TB and HIV integration discussed at AIDS 2012
22 July 2012
Tuberculosis (TB) remains one of the leading causes of death among people living with HIV globally, yet TB is mostly preventable and curable. Reducing TB deaths in people living with HIV by 50% by 2015 is one of the 2015 global AIDS targets.
To give voice to TB and HIV affected communities around the world by sharing their experience and views on the way forward in the fight against the two diseases, a live web casted talk show took place during the International AIDS Conference entitled “Tuberculosis + HIV: Protecting the Vulnerable”.
The talk show was hosted by Jeanne Meserve, former CNN and ABC reporter, and Gerry Elsdon, the International Federation of Red Cross and Red Crescent Societies (IFRC) TB Goodwill Ambassador and a South African TV personality who suffered from tuberculosis in the past. The show brought together a dynamic group of women and young people who have suffered from tuberculosis and HIV, as well as the representatives of multilateral organizations such as the Stop TB Partnership, WHO, IFRC, the Global Fund to fight HIV/AIDS, TB and Malaria, and UNAIDS.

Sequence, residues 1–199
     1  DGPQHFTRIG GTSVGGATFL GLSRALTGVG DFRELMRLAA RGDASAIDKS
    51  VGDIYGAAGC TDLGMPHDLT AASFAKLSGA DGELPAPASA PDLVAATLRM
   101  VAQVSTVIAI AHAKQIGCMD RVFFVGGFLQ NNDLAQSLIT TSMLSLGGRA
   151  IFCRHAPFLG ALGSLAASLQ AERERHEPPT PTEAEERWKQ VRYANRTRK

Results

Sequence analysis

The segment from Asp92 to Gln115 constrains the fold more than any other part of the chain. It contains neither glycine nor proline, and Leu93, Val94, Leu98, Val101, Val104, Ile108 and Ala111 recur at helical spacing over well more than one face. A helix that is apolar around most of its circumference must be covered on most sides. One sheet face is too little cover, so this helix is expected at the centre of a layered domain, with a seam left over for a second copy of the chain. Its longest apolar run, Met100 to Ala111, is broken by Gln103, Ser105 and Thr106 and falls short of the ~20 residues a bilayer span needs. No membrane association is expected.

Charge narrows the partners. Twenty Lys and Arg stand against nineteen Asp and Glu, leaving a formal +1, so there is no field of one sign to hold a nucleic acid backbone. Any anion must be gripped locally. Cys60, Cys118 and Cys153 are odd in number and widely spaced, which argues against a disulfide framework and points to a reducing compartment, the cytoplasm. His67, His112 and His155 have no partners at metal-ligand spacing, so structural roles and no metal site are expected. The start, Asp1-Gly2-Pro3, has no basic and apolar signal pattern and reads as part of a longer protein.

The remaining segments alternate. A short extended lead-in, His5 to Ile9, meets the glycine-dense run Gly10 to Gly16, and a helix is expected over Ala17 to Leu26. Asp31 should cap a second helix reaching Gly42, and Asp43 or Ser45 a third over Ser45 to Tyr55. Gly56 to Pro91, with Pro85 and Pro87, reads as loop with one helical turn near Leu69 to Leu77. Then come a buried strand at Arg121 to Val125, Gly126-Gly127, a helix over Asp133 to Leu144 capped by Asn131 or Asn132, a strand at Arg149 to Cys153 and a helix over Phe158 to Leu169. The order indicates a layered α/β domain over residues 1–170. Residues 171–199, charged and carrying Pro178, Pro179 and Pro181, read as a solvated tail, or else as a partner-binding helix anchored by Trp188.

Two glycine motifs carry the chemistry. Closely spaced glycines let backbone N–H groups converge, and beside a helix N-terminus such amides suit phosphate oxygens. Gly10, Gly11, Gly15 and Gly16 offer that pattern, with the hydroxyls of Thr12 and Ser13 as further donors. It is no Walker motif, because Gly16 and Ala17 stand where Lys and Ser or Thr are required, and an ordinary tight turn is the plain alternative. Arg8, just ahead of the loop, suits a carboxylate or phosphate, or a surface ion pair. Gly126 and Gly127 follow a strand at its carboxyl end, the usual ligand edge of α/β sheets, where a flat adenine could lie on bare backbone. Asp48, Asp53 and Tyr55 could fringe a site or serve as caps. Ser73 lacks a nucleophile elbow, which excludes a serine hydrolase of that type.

The talk show also featured video addresses by Archbishop Tutu, who himself is a former TB patient and Jorge Sampai, UN Secretary-General Special Envoy for Tuberculosis.
Panelists took the opportunity to highlight the need for a closer collaboration between HIV and TB programmes, and about the urgent need for better investment in TB research. They also emphasized the need to invest more in integrating TB screening, treatment and care into antenatal care and maternal and child health services in general. Children most frequently get TB infection from a close relative, usually their mother, thus preventing, diagnosing and treating TB in women will reduce the risk of TB infection and disease in children.
Ms Jan Beagle, UNAIDS Deputy Executive Director, Management and External Relations, spoke during the show and reiterated UNAIDS’s commitment to working with partners in support of the global target to halve TB deaths in people living with HIV by 2015. She underscored that “UNAIDS advocates for TB service providers to reach many who are the most vulnerable and at risk, but who have the greatest problems in accessing services – migrants, indigenous people, prisoners, sex workers and women and children affected by poverty, violence, stigma and discrimination.“
The talk show was organized by the Stop TB Partnership and the International Federation of Red Cross and Red Crescent Societies.